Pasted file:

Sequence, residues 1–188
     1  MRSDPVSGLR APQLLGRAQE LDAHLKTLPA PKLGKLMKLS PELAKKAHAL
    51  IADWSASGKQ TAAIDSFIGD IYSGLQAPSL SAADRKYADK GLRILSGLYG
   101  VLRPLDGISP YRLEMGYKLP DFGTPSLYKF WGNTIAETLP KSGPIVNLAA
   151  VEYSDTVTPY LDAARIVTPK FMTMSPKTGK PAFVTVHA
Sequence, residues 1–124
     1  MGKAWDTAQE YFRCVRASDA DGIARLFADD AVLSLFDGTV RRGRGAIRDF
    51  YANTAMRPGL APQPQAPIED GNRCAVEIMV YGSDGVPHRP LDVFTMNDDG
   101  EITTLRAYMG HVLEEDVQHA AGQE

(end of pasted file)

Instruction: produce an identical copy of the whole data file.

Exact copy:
Sequence, residues 1–188
     1  MRSDPVSGLR APQLLGRAQE LDAHLKTLPA PKLGKLMKLS PELAKKAHAL
    51  IADWSASGKQ TAAIDSFIGD IYSGLQAPSL SAADRKYADK GLRILSGLYG
   101  VLRPLDGISP YRLEMGYKLP DFGTPSLYKF WGNTIAETLP KSGPIVNLAA
   151  VEYSDTVTPY LDAARIVTPK FMTMSPKTGK PAFVTVHA
Sequence, residues 1–124
     1  MGKAWDTAQE YFRCVRASDA DGIARLFADD AVLSLFDGTV RRGRGAIRDF
    51  YANTAMRPGL APQPQAPIED GNRCAVEIMV YGSDGVPHRP LDVFTMNDDG
   101  EITTLRAYMG HVLEEDVQHA AGQE